Also, you can only benefit from called Raises to a maximum of your Void Ring, so pump that number up. Luckily, some abilities give you Free Raises that don’t count towards that. They can either give you effects for free, or lower the TN by 5, your call. 

Clans and Families

Unless you’re a Ronin, you belong to a Clan. There are major and minor Clans, but we’ll be sticking to major ones. Each Clan contains multiple families, and multiple schools. You can mix and match family and school, though in most cases you will be educated inside your own clan, unless you’re part of a hostage exchange.

Your school trained you as a Warrior (Bushi), Cleric (Shugenja) or a Courtier. There are also Ninja and Monks, but we’ll be sticking to the big three for this campaign. All Clans have at least one school of each, but different clans have different specializations. 

These influence your starting Traits, Honor, equipment, and the techniques you can acquire. They also affect how the world treats you. 

If you’re a Ronin, time to get hustling, because you’re outside of the system, nobody is going to protect or feed you, and if you offend or scare anyone too much, nobody will go looking for your body. 

School Rank

This is the system’s equivalent of Level. Going up in school rank grants you extra techniques, access to better spells and kata, the works. 

Going up in Rank depends on your Insight score, which is a combination of your skills and Rings and some other stuff. Just put XP in places that make your character more effective, you’ll be fine. 

Combat and Actions

The basics are similar to D&D. You have Initiative rolls, you can delay actions, and at initiative 0 there’s a Reaction stage where status effects get resolved. At the start of each round, you take a stance: Attack, Defense, Full Attack, Full Defense, and Center, with their own effects on what you can do. Attack is the default, with no restrictions or benefits.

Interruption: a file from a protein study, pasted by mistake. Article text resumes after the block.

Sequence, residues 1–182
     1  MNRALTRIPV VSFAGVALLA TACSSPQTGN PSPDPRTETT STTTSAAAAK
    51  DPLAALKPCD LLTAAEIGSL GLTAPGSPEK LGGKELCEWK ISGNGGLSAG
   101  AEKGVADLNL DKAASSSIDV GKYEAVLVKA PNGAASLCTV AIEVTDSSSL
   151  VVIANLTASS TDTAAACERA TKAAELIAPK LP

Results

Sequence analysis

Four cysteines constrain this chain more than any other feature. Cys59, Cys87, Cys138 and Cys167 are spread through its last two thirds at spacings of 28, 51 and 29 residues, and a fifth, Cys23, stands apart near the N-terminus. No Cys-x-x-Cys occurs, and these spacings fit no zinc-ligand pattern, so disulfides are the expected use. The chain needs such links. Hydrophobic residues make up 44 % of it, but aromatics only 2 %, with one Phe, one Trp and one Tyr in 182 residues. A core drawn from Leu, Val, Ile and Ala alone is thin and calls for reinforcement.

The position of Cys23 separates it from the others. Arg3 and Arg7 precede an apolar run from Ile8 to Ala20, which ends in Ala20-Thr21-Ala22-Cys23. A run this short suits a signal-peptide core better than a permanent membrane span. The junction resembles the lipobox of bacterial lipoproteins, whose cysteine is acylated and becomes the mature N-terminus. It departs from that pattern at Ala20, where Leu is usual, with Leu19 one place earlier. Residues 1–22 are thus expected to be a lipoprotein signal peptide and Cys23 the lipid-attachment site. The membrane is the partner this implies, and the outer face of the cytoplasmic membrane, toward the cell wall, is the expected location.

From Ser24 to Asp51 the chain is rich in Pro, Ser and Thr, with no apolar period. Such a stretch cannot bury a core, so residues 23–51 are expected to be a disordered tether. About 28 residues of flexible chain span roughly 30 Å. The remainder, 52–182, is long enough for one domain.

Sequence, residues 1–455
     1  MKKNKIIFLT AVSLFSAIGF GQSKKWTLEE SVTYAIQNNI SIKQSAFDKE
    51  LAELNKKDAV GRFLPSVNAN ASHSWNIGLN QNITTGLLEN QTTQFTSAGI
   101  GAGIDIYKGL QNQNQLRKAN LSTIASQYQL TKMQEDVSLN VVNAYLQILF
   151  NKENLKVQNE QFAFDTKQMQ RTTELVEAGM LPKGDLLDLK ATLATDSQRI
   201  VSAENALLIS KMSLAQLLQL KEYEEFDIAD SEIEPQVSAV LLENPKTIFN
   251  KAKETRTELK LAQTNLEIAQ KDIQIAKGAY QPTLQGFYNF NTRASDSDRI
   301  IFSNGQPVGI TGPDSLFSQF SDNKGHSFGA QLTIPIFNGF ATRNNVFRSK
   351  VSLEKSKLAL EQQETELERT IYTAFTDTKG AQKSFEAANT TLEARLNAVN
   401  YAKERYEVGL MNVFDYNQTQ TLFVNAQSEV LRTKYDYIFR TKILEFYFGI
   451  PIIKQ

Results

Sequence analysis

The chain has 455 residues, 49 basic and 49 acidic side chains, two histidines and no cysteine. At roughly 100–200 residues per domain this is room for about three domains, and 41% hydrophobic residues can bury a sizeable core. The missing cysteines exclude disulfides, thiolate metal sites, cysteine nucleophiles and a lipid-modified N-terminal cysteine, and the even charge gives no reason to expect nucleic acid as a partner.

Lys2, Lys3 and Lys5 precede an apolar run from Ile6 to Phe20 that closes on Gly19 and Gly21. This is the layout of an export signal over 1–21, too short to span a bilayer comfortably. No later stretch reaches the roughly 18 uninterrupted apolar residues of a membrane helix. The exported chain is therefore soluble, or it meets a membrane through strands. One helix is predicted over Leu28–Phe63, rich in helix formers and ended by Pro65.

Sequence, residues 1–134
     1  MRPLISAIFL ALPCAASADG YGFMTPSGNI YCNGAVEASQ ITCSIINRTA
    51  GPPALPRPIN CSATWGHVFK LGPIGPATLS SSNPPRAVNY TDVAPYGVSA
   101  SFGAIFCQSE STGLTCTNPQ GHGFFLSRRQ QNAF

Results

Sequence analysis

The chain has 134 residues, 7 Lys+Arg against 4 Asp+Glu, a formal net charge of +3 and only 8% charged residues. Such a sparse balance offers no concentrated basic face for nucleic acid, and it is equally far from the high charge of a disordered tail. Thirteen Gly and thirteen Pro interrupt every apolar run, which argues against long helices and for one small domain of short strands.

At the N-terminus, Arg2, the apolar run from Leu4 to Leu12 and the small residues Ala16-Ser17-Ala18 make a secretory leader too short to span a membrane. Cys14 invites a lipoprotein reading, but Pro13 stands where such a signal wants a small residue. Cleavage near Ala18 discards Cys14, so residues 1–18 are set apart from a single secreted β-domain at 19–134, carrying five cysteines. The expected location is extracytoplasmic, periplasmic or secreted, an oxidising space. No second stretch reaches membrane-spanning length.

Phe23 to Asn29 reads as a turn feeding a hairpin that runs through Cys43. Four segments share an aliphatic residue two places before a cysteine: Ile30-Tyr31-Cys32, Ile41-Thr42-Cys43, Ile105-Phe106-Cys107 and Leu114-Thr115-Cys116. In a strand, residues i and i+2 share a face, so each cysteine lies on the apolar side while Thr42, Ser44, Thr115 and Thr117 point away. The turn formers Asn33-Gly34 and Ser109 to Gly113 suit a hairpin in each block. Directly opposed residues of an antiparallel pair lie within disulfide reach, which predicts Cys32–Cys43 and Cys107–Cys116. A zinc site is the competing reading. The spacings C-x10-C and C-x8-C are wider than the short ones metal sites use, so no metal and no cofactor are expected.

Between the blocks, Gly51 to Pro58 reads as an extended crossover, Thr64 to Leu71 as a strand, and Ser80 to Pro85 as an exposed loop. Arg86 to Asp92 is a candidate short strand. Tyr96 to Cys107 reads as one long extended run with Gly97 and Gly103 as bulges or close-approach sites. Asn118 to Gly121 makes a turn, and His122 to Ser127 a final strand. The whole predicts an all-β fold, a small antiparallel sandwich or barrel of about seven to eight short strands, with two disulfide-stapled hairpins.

You have Free Actions, Simple Actions, and Complex Actions. In any turn, you can either do 2 simple actions or 1 complex action, plus a bunch of Free Actions. Refer to the table:

Damage in this system is called Wounds. There are various thresholds, depending on the game’s difficulty and your character’s Earth, that make things more difficult as you get injured. 

This Campaign

Without a doubt the most respected group within the whole empire are the Emerald Magistrates. They are the Emperor’s own lawkeepers, with the whole of Rokugan within their jurisdiction, warranted to act with great leeway anywhere that the empire’s laws against banditry, heresy or subversion are threatened and wherever the individual clans cannot deal with problems on their own. Groups of Emerald Magistrates bring together samurai of many clans and backgrounds, and with enough distinction any samurai can join their ranks and become a wealthy and high-status agent of the Emerald Throne. 

You are not Emerald Magistrates. Yet. 

You are young samurai in your late teens and early twenties, some only recent graduates of your schools, others with a few years of duty to your clan under your belts. All of you have distinguished yourselves, whether by personal action or your connections, and been accepted as trial members. You will serve as the bodyguards, assistants and spiritual advisors to a newly minted magistrate for the space of one year, and if you prove yourselves to him within that time, you will join the ranks of the exceptional. 

Your boss for this year is Akodo Torokai of the Lion clan. He is not intended to be a DMPC or a damsel in distress, but a superior interested in accomplishing missions, upholding the law and testing your abilities at the same time. His role in most sessions will be to provide an example of a very orthodox samurai against which to define your own characters, provide the framing and setup for adventures, and handle the bureaucracy and ass-kissing so your characters can do detective work, demon-fighting and conspiracy-unraveling you came here for. Buckle up, because you’re about to have a very eventful year.

Character Creation

You will begin by choosing a Clan, then a family of origin and a school within that clan. These will give you bonuses to two of your traits, the first rank in several skills, and your starting equipment. You also get 40 experience points to use as you wish, with which you can raise your traits more and improve your skills. I usually recommend spending 24xp to raise two more traits and spending the remaining 16xp on improving your main skills and picking up the first rank of some new ones. 

You also have Advantages and Disadvantages, which help you define your character. You spend xp to gain Advantages, and you can also select Disadvantages to gain xp: for example, if you spent all your xp on traits and skills, you can still pick up the disadvantage Bad Health, which gives you back 4 points. You could use these to pick up the Absolute Direction (1 point) and Precise Memory (3 points) advantages, or spend them on skills, or any combination thereof.